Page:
Experimental setup in the Oldenburg wind tunnel with model wind turbine MoWiTO 1.8 (rotor diameter 1.8 meters), laser and active grid (Photo: J. Puczylowski, ForWind)

New ForWind member and newly elected Executive Board Spokesman

At the meeting of the ForWind Executive Board on March 14, 2019, Prof. Dr. Jürgen Peissig from the Leibniz University Hannover was welcomed as a new member at ForWind. Peissig is head of the department "Communication Systems" at the Institute of Communications Technology. Thus, a total of 30 working groups and institutes of the universities of Oldenburg, Hannover and Bremen are currently members of ForWind.

At the Executive Board meeting Prof. Dr.-Ing. Peter Schaumann was elected as new spokesman and Prof. Dr. Joachim Peinke as second spokesman. The Executive Board of ForWind consists of two members each from the Carl von Ossietzky University of Oldenburg, the Leibniz University of Hannover and the University of Bremen. The current board consists of Prof. Dr. Martin Kühn (Oldenburg), Prof. Dr.-Ing. Bernd Orlik (Bremen), Prof. Dr. Joachim Peinke (Oldenburg), Prof. Dr.-Ing. habil. Raimund Rolfes (Hannover), Prof. Dr.-Ing. Peter Schaumann (Hannover) and Prof. Dr.-Ing. Klaus-Dieter Thoben (Bremen).

Research cooperation with Taiwan

In March ForWind scientists visited the National Cheng Kung University (NCKU) in Tainan, Taiwan, as part of a long-term international cooperation. As a contribution to a national research project of the Taiwanese partners, the sphere anemometer developed in the Oldenburg working group TWiSt (Turbulence, Wind Energy and Stochastics) was adapted for use in extreme wind conditions such as typhoons. In an on-site measurement campaign, two configurations of the anemometer were measured in the wind tunnel at wind speeds of up to 70 m/s. The program of the week was supplemented by three lectures in the context of a workshop on "Extreme Wind Speed Measurements and Atmospheric Turbulence in Wind Energy Applications" at the NCKU as well as an overview lecture by Joachim Peinke at the state-owned energy supplier Taipower on the main research areas and expertise of wind research in Oldenburg.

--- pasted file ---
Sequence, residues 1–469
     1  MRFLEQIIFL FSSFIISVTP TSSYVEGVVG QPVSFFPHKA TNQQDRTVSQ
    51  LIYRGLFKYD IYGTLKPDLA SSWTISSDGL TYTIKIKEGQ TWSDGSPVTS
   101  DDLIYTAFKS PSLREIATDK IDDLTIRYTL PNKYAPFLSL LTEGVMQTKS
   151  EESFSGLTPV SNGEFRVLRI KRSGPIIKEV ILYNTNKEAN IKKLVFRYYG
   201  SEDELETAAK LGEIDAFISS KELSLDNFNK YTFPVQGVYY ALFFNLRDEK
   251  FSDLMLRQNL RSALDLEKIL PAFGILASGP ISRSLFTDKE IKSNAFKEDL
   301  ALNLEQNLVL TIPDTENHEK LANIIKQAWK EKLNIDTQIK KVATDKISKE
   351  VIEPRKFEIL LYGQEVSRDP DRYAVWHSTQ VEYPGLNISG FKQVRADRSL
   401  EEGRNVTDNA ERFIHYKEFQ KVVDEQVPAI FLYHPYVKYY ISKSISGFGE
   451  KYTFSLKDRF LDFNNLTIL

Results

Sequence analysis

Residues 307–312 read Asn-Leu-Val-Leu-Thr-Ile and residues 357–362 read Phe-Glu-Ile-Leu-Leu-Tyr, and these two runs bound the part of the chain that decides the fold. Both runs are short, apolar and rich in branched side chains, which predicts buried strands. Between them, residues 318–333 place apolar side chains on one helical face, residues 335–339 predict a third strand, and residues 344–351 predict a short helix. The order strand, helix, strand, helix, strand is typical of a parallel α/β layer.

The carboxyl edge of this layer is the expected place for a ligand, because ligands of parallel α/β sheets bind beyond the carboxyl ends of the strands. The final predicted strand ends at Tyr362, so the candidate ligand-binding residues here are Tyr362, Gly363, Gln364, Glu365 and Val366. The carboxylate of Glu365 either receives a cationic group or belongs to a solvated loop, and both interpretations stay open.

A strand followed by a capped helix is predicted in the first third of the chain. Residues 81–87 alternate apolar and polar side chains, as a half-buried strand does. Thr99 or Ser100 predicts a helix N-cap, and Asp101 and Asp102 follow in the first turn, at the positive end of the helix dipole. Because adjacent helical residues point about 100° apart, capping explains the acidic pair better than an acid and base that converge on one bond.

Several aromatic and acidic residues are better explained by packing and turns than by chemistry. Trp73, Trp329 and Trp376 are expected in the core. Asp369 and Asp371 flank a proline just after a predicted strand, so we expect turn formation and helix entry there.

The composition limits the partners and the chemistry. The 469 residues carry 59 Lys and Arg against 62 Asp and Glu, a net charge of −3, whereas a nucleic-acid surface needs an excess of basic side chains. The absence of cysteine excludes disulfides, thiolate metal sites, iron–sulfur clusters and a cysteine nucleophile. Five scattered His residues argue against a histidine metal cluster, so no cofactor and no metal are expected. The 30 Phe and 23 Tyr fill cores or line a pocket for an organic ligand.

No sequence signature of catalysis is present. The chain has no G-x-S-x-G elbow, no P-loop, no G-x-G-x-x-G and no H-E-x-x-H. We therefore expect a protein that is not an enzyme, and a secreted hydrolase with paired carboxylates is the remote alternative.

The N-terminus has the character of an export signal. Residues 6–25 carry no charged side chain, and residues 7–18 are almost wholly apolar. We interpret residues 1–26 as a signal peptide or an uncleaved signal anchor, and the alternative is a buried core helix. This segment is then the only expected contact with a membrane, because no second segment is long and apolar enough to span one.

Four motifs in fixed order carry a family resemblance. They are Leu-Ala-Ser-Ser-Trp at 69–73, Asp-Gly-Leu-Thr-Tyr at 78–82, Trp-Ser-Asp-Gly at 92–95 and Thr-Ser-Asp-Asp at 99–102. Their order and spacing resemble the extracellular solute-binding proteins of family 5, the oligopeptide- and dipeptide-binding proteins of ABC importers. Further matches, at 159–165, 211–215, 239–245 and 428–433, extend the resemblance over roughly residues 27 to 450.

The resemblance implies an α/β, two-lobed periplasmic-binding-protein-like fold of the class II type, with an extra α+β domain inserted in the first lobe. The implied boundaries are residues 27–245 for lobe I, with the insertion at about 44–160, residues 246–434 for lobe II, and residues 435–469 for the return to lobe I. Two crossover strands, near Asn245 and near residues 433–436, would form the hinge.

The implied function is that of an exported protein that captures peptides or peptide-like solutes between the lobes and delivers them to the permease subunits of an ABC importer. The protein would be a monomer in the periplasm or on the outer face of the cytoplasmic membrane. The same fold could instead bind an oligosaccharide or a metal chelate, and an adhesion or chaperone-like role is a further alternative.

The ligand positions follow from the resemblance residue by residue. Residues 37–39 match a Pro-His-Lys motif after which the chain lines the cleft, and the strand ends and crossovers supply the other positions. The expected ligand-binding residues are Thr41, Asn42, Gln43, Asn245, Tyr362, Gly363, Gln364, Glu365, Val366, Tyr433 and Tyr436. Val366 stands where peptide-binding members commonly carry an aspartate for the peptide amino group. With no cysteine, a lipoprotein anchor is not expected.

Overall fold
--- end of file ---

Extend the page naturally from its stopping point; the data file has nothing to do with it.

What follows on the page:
Left picture: sphere anemometer developed at Forwind, Ol / Right picture: Forwind Scientists (a.o. Dr. Mike Hölling – PPRE-lecturer  3rd from right) with local researchers at NCKU, Taiwan

ForWind research topics at the Wind Energy Science Conference

You are planning to attend the Wind Energy Science Conference WESC in Cork in June this year? Come and join us for the Mini Symposia with ForWind research topics „Wind Tunnel Experiments“ (Chair: Hendrik Heißelmann, Co-Chair: Michael Hölling) and „Mesoscale Modelling of Wind Resources“ (Chair: Björn Witha, Co-Chair: Andrea Hahmann)!

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(Changed: 2020-01-23)